Dallas-Fort Worth a Top 25 Place to Live, But Austin Is Number One

Dallas-Fort Worth

Photo courtesy Wikimedia Commons

Four Texas metros hit the U.S. News and World Report list of best places to live — and Dallas-Fort Worth was in the top 25. But how did the city fare in a study of diversity? And where do Millennials want to move?

We cover all this and more in this week’s roundup of real estate news.

Dallas-Fort Worth In Top 25 Best Places to Live

In a ranking of 125 best places to live, Dallas-Fort Worth came in 21st, the U.S. News and World Report said.

Austin came in first, and Houston and San Antonio ranked 30th, and 34th, respectively.

“The small-town feel of Friday night football games and backyard parties exists in the suburbs of Dallas-Fort Worth. In those areas, residents can bump into their friends at the local Tex-Mex restaurant, children ride their bikes and joggers hit the pavement for evening runs,” the report said. “But even in DFW proper, many people exude that Texas friendliness with a wave or a ‘hello’ to strangers.”

The area’s commute time was roughly 1.7 minutes longer than the national average, but the magazine was also not impressed with the public transit offerings.

U.S. News and World Report

“The rail system’s coverage is limited, however, with only about 60 stations spread out over the area,” it said. “Its best use is during city events and concerts when riders can take the DART from stations in Plano and Irving to downtown Dallas.”

Source: U.S. News and World Report

Dallas, Arlington Rank in Top 10 of Diverse Cities

Dallas ranked fifth in a comparison ranking 501 cities on diversity, and Arlington came in at No. 9, WalletHub said.

Houston was found to be the most diverse city in the U.S., and Fort Worth and Plano were 25th and 57th on the list. Laredo was the least diverse city at 463rd.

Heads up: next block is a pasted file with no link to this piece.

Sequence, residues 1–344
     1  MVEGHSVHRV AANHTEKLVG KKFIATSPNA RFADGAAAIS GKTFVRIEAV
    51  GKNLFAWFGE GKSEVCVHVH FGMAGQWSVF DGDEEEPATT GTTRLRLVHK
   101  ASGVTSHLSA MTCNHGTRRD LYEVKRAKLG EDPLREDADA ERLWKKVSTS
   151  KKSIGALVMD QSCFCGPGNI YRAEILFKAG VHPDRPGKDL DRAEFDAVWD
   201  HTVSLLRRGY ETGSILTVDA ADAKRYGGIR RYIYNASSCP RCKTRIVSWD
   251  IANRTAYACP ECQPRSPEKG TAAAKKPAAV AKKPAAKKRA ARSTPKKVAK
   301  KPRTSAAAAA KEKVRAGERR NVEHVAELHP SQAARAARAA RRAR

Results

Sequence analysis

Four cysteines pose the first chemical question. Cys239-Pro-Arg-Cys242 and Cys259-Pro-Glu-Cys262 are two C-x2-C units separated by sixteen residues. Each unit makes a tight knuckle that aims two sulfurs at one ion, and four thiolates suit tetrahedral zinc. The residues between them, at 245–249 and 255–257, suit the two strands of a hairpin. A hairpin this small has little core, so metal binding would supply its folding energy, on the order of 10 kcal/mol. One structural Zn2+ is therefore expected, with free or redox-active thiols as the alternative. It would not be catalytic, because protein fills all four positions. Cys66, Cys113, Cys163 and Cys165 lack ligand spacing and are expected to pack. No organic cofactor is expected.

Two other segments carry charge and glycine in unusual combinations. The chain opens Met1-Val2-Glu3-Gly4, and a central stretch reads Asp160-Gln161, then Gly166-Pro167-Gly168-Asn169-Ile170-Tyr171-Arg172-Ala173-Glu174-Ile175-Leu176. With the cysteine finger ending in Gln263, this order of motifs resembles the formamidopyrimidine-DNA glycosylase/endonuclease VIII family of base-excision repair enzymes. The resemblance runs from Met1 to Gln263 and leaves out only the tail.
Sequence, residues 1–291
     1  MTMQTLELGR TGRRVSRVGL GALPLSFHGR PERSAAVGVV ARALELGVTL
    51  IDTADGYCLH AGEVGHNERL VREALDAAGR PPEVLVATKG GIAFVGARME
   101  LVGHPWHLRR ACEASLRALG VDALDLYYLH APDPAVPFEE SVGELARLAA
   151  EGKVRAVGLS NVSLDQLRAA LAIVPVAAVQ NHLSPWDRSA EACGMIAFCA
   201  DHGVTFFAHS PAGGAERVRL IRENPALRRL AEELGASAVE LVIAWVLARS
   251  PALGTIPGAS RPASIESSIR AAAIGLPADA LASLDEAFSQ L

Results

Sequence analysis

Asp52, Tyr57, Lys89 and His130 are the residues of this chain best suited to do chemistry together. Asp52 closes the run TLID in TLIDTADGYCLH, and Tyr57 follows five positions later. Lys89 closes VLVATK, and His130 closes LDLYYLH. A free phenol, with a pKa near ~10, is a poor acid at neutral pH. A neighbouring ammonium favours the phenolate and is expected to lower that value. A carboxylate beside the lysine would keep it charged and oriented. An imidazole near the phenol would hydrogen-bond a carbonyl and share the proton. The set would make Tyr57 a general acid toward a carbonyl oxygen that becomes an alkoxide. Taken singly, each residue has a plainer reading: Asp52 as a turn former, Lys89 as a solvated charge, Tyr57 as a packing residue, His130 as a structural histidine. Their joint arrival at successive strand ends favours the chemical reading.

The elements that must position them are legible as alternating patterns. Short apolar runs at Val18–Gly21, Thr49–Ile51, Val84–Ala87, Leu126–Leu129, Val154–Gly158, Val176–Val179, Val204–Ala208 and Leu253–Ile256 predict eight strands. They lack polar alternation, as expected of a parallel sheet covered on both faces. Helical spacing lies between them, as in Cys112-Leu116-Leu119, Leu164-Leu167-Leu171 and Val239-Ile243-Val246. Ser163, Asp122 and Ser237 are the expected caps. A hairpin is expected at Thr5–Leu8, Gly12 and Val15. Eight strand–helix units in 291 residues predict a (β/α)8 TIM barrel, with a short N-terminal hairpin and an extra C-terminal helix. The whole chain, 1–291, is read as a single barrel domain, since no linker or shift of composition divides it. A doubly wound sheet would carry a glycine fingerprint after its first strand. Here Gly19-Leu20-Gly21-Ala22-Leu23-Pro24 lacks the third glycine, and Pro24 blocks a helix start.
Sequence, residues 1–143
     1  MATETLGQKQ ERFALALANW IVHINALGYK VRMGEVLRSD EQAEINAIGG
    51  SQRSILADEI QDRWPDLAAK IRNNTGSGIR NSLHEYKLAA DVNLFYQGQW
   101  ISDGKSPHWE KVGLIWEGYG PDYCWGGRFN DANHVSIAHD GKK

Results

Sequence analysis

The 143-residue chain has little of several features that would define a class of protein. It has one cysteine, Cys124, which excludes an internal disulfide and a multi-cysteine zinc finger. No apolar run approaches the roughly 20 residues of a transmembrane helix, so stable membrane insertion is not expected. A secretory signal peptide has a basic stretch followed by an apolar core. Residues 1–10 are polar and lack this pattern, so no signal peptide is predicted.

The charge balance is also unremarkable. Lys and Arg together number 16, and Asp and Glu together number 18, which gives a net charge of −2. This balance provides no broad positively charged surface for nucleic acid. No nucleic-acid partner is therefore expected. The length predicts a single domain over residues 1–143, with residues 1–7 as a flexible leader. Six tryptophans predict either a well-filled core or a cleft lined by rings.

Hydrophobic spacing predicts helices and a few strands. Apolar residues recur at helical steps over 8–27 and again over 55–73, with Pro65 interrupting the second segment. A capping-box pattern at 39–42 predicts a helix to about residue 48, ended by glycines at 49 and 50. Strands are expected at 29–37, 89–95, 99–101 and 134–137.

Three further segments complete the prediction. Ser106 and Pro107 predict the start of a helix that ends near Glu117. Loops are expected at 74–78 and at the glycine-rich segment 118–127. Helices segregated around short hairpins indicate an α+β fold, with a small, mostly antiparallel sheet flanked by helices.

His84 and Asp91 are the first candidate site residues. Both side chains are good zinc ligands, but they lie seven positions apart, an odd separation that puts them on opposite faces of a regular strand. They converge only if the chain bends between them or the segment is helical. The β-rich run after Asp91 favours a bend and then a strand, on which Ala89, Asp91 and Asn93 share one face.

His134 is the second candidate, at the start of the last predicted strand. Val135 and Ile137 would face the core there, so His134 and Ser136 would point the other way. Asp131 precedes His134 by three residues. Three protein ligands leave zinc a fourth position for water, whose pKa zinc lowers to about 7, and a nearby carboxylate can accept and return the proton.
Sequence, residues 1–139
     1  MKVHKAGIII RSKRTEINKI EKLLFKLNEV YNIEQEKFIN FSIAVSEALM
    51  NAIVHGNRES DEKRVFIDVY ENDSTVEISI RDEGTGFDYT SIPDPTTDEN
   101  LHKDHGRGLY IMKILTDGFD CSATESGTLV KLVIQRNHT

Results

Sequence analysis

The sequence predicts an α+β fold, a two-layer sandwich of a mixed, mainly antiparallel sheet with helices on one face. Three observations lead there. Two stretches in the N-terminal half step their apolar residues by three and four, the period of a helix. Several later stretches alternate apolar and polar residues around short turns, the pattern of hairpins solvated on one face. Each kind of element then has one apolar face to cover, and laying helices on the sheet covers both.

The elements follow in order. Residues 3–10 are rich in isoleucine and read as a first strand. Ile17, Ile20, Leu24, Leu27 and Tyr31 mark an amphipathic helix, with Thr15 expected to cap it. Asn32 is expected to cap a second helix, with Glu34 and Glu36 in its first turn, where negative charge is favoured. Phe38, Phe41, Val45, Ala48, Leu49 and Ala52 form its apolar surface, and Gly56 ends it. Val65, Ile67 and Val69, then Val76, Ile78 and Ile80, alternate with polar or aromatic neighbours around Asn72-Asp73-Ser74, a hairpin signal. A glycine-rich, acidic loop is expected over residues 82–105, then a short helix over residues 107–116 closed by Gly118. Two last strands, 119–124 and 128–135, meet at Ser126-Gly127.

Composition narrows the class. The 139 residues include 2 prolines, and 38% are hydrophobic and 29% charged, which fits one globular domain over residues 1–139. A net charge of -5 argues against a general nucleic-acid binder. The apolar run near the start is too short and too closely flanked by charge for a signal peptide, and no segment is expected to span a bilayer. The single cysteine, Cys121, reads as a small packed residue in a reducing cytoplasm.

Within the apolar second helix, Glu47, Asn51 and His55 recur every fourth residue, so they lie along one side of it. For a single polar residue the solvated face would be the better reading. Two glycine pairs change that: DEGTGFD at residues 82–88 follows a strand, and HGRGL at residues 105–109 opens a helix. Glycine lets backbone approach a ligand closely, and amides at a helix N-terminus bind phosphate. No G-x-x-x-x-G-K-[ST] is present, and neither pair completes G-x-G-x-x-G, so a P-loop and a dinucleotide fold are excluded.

Source: WalletHub

Source: WalletHub

Dallas Tops List of Metros Millennials Want to Move To

Dallas tops a list of places where Millennials say they would consider moving to, Builder Magazine sibling unit Meyers Research found in its annual survey.

“This year, we added a new question to our survey: Have you seriously considered moving out of your current city? If yes, to where and why? Much to our surprise, nearly 60 percent of our respondents said yes,” the magazine said.

The survey found that 70 percent of Millennials aged 19-24 have considered moving, with more renters open to it (60 percent) than homeowners.

“For reference, Millennials make up a large share of closed loan applications in Baltimore, Houston, Chicago, Minneapolis, and Nashville, according to Ellie Mae,” the article said.

Texas by and large dominated the list, with Dallas ranking No.1 and Houston coming in second. Austin came in third.

“Dallas and Houston ranked extremely well for quality of life, cost of living, and overall employment opportunities, propelling the markets to #1 and #2, respectively,” the article said. “Austin, a far smaller metro, rounds out the top three, with a heavier focus on relative housing affordability and the fun factor.”

Source: Builder